“Did you think the zoo visitors would stay quiet with the animals running around terrorizing them?”
“You calling me a dumb ass? Got it backwards.” The man spat, cursed, spat again, and swung the AR-15 up.
Superman looked away, then back. “Seriously?”
Scowling, the vermillion-faced man repeatedly pulled the trigger until he emptied his clip.
Superman wanted to prevent deflected bullets from striking people and animals, including the knocked-out lion. He seized the bullets in the air at faster-than-lightning speed. He crushed them in his hands, sprinkled the powder in front of him.
In less than a second, the man’s weapon was on the ground, the barrel tied in a knot. Superman held the grimacing villain by the upper arm as three black-uniformed police officers ran up.
For the next 20 minutes, after telling frenzied-looking zoo personnel “I got this,” he transported back to their respective zoo homes the escaped animals: the unconscious lion, a rolling troop of uncooperative chimps, a giraffe, one rhino, an ostrich, two tigers, several zebras, another lion, and one genuinely ticked-off hippo.
Back with Lois, Superman hovered five feet off the ground in front of her. She’d been busy streaming videos of his airborne rescues.
“Superman! Thank Heavens! What would I do without you?”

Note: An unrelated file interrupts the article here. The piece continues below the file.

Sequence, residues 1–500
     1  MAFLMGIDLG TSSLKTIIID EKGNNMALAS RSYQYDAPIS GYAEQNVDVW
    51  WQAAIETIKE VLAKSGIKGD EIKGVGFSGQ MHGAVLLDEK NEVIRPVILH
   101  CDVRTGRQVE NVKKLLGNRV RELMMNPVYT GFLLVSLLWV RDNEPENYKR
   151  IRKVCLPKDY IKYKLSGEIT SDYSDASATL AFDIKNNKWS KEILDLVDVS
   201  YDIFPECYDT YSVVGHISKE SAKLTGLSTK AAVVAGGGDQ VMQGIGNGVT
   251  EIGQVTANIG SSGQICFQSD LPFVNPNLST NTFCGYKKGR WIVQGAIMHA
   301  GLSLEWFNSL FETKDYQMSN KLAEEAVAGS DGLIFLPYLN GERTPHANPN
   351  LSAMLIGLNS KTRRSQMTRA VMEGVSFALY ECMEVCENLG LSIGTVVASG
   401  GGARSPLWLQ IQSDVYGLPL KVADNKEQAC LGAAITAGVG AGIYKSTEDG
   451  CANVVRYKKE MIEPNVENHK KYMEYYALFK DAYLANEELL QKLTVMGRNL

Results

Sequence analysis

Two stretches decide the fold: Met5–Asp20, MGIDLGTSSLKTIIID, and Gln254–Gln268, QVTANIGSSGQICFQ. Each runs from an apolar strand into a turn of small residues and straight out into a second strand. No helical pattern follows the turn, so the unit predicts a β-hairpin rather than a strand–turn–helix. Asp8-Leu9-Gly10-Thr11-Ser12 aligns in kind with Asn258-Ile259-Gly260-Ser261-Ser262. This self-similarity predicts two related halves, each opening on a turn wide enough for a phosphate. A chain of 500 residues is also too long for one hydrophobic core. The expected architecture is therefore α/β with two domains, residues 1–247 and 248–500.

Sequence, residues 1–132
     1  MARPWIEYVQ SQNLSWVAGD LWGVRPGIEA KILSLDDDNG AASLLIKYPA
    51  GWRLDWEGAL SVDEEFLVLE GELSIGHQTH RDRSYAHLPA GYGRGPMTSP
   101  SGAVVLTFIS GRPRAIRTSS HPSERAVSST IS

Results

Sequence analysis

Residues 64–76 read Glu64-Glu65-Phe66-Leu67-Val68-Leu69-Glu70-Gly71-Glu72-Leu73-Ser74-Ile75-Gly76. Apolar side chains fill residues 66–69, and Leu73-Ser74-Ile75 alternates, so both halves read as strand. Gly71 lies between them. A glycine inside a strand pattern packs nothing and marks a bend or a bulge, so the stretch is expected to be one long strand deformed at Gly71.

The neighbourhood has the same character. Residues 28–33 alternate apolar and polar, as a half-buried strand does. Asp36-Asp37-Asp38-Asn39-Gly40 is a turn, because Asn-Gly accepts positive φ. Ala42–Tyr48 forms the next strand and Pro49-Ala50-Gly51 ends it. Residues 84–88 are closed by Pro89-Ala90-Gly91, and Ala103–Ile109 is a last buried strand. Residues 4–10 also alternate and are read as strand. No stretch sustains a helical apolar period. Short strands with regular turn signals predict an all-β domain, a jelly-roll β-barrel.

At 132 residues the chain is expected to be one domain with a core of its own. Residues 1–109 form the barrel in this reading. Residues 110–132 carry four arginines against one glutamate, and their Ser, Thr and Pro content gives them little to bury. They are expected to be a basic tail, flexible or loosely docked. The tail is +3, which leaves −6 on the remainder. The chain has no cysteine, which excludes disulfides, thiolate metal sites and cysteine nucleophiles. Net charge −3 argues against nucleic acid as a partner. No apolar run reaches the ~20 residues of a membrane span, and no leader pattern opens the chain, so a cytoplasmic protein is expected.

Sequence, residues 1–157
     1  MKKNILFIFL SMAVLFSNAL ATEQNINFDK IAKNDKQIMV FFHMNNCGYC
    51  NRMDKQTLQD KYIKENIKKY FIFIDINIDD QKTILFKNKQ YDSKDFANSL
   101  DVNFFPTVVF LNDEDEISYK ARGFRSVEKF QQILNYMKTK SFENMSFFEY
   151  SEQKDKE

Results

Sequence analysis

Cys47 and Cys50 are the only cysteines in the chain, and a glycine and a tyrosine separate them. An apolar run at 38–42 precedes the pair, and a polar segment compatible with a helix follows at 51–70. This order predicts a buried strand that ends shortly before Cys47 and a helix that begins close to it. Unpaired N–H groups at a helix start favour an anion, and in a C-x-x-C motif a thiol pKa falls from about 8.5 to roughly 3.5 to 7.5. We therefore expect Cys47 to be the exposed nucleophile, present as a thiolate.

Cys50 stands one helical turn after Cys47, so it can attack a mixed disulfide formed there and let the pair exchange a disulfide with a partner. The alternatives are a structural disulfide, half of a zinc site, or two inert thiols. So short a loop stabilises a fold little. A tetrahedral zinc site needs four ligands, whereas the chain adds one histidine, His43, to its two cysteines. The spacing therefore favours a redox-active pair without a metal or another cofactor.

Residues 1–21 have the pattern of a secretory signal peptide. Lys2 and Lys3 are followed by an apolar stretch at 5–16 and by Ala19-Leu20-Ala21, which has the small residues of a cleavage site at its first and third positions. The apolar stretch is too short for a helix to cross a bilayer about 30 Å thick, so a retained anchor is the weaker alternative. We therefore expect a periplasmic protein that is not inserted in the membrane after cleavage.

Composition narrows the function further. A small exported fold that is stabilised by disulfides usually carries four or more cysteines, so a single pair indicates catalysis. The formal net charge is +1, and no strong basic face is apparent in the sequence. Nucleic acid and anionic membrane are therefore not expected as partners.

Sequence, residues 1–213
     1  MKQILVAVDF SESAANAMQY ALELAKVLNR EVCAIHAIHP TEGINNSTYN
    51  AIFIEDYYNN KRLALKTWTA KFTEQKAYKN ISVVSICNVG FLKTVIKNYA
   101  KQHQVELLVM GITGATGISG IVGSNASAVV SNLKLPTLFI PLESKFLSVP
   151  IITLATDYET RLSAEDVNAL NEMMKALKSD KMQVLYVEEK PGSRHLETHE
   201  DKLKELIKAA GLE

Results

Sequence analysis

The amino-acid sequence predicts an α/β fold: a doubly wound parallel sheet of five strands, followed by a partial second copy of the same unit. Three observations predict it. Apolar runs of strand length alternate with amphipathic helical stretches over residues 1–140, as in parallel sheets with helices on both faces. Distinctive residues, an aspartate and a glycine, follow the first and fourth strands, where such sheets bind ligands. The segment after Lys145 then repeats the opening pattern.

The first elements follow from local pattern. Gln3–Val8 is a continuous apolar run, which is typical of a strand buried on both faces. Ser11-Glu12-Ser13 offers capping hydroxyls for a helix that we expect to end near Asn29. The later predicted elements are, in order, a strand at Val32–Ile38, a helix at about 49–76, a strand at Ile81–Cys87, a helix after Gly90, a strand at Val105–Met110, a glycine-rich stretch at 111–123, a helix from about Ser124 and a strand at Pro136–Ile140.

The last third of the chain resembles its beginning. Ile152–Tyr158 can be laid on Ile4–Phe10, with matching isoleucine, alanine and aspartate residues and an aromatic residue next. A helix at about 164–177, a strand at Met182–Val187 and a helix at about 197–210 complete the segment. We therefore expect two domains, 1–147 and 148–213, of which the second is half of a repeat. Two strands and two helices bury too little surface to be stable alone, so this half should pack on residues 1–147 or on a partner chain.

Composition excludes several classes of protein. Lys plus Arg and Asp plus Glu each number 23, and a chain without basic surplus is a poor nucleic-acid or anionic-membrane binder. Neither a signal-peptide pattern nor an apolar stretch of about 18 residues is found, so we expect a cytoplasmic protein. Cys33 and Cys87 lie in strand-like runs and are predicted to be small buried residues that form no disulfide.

“My best wild guess? You wouldn’t put yourself in harm’s way like this.”
She dropped her gaze and gave her shoe a little push across the ground. “You’re probably right. So.”
“Dwight Napoleon,” Superman said. “Animal-rights activist turned extremist. Cares more about animals than about humans. He’ll do serious time if he’s not insane.”
“I hear everything, Lois.” He drifted upward, paused 15 feet above the ground. “Was doing a fly-over listening to the city. People at the zoo were yelling for help.” He tilted his head back and pushed a fist up. “Gotta run.”
Pulling in a breath, Lois peered up and squinted. He disappeared into a cloud before she exhaled.
In the parking lot, Clark stood next to the SUV as Lois jogged up, pocketing her phone, her hair a scraggly bush, strands in her eyes.
Clark gazed off. A little girl about four years old and a man holding her hand were walking across the parking lot toward the zoo.
The girl had long russet hair and wore a white dress adorned with butterflies. Lois and Clark caught her eye. She did a few excited up-and-down hops. “I know where Mr. Superguy lives!”
“Oh?” Lois said, smiling. She moved closer to the girl and bent at the waist, hands on her hips. “Where’s that, sweetheart? Where does he live?”
The girl pointed at the hedge. “In the bushes over there!”
Her dark-haired dad, 30-ish, with a fashionable black stubble on his face, stifled a laugh. “Little Miss Active Imagination. AI for short.”
Still bent over, Lois bounced her eyes off the man back to the girl. “Why do you say he lives in the bushes?” She looked over to Clark for a second. Her expression, to Clark, was neutral.
“I saw him zoom straight up outta there!” Her finger illustrated with verve.
Lois put her hand to her chest. “My goodness! And did daddy see him, too?”
The man shook his head, trying not to laugh again.